Tuesday, April 28, 2009

Colbert and Top Down Processing

What follows is an abstract of a recent journal article; the article describes a study how a viewer's political affiliation affects how he or she interprets the politics of Stephen Colbert's persona on the Colbert show. What they describe it was psychologists refer to as top-down processing: mental processing that is influenced by your expectations, beliefs, and knowledge. 

More explanation after the abstract.

The Irony of Satire

Political Ideology and the Motivation to See What You Want to See in The Colbert Report

Heather L. LaMarre

The Ohio State University, HLaMarre@gmail.com

Kristen D. Landreville

The Ohio State University

Michael A. Beam

The Ohio State University

This study investigated biased message processing of political satire in The Colbert Report and the influence of political ideology on perceptions of Stephen Colbert. Results indicate that political ideology influences biased processing of ambiguouspolitical messages and source in late-night comedy. Using data from an experiment (N = 332), we found that individual-level political ideology significantly predicted perceptions of Colbert's political ideology. Additionally, there was no significant difference between the groups in thinking Colbert was funny, but conservatives were more likely to report that Colbert only pretends to be joking and genuinely meant what he said while liberals were more likely to report that Colbert used satire and was not serious when offering political statements. Conservatism also significantlypredicted perceptions that Colbert disliked liberalism. Finally, a post hoc analysis revealed that perceptions of Colbert's political opinions fully mediated the relationship between political ideology and individual-level opinion.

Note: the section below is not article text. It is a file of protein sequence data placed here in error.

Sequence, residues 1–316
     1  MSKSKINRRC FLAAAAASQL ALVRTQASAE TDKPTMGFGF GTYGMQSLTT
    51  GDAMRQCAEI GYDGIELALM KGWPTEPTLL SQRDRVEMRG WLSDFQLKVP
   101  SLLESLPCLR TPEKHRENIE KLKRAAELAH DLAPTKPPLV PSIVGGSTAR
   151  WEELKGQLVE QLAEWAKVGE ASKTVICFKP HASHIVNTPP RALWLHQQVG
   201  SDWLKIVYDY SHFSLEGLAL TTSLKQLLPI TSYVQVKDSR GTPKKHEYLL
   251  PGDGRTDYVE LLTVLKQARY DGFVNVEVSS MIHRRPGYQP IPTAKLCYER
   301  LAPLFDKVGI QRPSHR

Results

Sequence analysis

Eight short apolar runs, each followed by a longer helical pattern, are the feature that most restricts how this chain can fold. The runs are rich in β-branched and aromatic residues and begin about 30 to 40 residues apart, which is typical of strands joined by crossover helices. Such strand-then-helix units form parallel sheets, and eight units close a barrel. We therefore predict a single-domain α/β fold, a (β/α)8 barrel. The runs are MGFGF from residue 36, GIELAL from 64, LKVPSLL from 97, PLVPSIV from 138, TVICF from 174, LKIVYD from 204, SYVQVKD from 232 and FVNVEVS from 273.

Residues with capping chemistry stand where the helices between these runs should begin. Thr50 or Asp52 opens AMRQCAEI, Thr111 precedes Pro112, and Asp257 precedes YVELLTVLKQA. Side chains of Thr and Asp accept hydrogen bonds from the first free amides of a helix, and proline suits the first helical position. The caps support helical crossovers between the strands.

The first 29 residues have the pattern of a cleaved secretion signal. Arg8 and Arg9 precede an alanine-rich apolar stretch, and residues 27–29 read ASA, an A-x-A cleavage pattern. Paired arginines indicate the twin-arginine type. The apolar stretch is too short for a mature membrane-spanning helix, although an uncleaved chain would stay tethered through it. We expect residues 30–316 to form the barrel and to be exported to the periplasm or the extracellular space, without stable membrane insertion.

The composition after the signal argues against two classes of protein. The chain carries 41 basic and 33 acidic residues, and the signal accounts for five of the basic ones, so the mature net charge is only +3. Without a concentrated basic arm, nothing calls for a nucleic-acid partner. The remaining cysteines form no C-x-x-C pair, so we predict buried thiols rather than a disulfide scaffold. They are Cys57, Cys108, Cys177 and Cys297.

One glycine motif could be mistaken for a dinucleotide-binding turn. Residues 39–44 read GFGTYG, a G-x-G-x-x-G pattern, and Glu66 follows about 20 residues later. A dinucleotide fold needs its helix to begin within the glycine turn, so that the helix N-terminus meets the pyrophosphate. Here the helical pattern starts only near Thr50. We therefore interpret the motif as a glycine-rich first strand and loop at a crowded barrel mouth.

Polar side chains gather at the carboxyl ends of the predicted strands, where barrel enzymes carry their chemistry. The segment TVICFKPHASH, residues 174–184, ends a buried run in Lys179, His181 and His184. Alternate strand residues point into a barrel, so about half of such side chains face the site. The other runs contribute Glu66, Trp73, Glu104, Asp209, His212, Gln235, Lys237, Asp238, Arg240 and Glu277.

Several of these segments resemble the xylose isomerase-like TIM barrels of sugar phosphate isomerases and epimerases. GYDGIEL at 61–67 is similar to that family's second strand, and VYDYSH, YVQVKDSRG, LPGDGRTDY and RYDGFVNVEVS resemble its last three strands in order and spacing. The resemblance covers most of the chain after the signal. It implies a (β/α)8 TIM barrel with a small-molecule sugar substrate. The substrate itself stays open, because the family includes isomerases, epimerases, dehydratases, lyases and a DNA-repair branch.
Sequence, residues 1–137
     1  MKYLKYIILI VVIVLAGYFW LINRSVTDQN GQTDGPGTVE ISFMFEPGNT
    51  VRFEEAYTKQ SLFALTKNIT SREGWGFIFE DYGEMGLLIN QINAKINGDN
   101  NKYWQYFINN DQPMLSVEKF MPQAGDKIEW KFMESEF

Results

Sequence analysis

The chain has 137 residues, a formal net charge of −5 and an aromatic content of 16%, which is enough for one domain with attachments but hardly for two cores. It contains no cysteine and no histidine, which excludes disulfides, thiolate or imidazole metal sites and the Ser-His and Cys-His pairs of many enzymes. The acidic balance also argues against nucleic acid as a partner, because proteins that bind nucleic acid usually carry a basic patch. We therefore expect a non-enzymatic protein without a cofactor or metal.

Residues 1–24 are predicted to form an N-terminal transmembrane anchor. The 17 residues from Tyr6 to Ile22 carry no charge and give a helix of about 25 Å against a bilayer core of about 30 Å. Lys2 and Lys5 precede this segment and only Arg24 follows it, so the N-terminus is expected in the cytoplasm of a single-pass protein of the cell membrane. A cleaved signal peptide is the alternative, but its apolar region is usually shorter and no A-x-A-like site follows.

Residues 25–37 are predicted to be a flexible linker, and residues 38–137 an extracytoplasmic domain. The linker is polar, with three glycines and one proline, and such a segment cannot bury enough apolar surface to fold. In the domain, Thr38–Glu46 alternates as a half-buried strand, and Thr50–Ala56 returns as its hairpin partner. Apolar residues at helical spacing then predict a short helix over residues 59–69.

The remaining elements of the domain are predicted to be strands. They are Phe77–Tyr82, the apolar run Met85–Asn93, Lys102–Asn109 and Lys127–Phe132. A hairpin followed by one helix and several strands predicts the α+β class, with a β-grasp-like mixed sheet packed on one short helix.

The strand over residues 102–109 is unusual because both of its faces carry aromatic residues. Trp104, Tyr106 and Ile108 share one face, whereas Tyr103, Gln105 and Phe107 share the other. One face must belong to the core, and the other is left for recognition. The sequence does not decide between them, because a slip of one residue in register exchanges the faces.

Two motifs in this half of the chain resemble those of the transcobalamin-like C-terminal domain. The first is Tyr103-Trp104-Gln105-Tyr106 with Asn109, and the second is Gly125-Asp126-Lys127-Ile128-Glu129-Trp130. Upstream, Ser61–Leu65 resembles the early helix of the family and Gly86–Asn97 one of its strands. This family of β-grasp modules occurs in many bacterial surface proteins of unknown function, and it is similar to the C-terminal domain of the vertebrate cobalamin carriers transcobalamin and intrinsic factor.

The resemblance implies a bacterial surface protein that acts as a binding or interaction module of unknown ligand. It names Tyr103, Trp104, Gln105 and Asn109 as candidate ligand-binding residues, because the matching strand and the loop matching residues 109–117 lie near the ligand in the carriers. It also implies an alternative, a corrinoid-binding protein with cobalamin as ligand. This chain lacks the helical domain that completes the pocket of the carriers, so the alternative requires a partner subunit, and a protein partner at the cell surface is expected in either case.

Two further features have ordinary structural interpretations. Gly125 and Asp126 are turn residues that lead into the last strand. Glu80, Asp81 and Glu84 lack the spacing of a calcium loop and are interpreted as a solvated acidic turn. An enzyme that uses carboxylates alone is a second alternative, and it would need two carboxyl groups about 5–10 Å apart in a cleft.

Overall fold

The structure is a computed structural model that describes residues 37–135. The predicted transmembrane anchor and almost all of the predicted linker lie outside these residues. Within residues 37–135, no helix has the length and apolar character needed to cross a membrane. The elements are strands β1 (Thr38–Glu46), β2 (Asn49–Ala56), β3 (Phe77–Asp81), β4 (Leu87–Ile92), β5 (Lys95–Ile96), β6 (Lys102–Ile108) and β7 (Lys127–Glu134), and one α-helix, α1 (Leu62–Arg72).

It appears that viewers--in particular, conservative viewers--expect that their political views will be shared by Colbert, and so they interpret his (mostly) straight-faced extremely conservative coverage of the news in ways that are consistent with their own beliefs. Even when confronted with evidence that Colbert's conservative views are a put-on (for instance when he laughs while delivering some of his more egregious comments), top-down processing will lead conservative viewers either to ignore those lapses, or to interpret them in some other way--a way that allows them to preserve their view of Colbert as one of them.

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